Be imitators of me, as I am of Christ. I commend you because you remember me in everything and maintain the traditions just as I handed them on to you. But I want you to understand that Christ is the head of every man, and the husband is the head of his wife, and God is the head of Christ. Any man who prays or prophesies with something on his head disgraces his head, but any woman who prays or prophesies with her head unveiled disgraces her head—it is one and the same thing as having her head shaved. For if a woman will not veil herself, then she should cut off her hair; but if it is disgraceful for a woman to have her hair cut off or to be shaved, she should wear a veil. For a man ought not to have his head veiled, since he is the image and reflection of God; but woman is the reflection of man. Indeed, man was not made from woman, but woman from man. Neither was man created for the sake of woman, but woman for the sake of man. For this reason a woman ought to have a symbol of authority on her head, because of the angels. Nevertheless, in the Lord woman is not independent of man or man independent of woman. For just as woman came from man, so man comes through woman; but all things come from God. Judge for yourselves: is it proper for a woman to pray to God with her head unveiled? Does not nature itself teach you that if a man wears long hair, it is degrading to him, but if a woman has long hair, it is her glory? For her hair is given to her for a covering. But if anyone is disposed to be contentious—we have no such custom, nor do the churches of God.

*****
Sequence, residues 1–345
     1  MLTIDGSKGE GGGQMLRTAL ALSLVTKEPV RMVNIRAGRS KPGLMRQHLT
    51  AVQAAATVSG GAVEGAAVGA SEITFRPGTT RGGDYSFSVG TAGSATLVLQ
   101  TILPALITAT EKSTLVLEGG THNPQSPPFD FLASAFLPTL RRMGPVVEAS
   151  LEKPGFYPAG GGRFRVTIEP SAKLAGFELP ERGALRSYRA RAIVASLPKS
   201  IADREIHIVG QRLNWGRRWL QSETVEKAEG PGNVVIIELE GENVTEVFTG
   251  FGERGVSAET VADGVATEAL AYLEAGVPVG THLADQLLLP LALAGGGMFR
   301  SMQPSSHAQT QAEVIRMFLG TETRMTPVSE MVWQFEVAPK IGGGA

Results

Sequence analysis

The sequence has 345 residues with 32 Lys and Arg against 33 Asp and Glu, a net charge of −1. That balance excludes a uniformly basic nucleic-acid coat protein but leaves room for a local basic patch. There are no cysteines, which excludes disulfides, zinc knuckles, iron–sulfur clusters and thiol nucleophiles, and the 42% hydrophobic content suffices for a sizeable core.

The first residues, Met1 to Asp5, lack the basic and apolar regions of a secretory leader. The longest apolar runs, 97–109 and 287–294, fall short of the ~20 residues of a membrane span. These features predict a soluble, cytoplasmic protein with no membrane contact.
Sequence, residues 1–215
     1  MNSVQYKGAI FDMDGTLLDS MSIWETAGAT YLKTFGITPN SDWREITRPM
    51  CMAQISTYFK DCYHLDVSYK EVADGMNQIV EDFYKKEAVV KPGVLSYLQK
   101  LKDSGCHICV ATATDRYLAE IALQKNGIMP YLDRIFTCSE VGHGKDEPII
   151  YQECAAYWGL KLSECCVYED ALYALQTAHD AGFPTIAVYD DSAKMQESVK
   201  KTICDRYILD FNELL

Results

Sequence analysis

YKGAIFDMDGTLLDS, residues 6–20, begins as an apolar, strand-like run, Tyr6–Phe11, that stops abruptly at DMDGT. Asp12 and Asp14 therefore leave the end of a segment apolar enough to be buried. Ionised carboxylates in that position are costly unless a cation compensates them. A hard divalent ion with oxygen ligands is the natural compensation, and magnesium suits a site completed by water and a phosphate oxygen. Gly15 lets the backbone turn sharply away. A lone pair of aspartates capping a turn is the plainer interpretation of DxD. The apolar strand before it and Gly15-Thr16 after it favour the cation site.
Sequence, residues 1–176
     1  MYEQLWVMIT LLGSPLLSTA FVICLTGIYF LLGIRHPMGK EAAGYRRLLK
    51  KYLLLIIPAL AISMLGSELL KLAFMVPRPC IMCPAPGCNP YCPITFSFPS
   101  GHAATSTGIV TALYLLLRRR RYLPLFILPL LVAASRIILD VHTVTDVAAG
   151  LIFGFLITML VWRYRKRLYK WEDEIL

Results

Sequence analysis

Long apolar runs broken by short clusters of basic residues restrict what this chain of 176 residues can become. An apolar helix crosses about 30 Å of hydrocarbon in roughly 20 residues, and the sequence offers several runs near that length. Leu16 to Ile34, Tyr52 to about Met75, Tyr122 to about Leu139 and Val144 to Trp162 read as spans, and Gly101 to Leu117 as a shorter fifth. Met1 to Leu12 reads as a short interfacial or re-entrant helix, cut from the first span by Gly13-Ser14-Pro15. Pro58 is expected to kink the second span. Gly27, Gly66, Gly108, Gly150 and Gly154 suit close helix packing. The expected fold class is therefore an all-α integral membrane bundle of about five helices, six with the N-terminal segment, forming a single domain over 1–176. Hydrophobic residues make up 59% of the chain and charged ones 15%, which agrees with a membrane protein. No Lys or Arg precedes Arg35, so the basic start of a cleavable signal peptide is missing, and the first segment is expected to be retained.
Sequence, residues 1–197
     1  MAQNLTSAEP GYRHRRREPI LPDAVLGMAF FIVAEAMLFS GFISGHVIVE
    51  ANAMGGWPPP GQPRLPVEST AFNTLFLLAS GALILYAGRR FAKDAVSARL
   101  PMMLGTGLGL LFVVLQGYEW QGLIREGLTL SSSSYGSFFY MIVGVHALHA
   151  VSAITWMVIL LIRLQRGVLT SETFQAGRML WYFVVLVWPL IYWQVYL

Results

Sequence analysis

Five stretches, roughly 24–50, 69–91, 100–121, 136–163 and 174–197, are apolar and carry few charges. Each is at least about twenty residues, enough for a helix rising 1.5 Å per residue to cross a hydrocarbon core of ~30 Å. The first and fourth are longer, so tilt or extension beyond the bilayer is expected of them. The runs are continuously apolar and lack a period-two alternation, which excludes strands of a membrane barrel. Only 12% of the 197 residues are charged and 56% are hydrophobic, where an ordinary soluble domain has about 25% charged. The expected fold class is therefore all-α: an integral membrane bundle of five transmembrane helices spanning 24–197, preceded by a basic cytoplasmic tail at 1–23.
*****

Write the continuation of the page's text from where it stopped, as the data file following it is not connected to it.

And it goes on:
When at school, we expended a great deal of time imitating our teachers. Most of our impressions were vocal, but at times, we imitated their mannerisms and behaviours. Having left school, I happened to meet one of my teachers who said that he didn’t mind being imitated provided some of the good bits rubbed off. Paul is appealing to those who represented the hard core of the Corinthian church to imitate him as he imitates Christ.
This is no less true today when free speech, even in our own country is under attack. Life for believers is becoming and will become more difficult as the media seek to undermine the Church. We must continue to show: love, joy, peace, forbearance, kindness, goodness, faithfulness, gentleness and self-control (Gal-5:22-23).
If any of these rub off on us, we’re in a good place. Paul talks about the role of men and women in the Church, and over the years, these borders have softened not specifically because of progress, but because through the fruits, we have progressed. He also uses this passage to symbolize God’s relationship with the Church paralleling it with the relationship between man and woman.
I’m writing this at Christmas, one of our most important Christian festivals. We’ll sing carols, celebrate, spend quality time with friends and family, express our joy at the might changes wrought by Christ’s birth. If we’re in for the long haul, striving to imitate Christ in all things will ensure that we can celebrate throughout the year.
Father God, by the power of your love, help us to become imitators of you by expressing our love for you and for others through the fruits of the Spirit. Encourage us that when we grow closer to you, the good things will rub off. Amen.
David Reynolds is a serving elder at Cores End URC, Bucks
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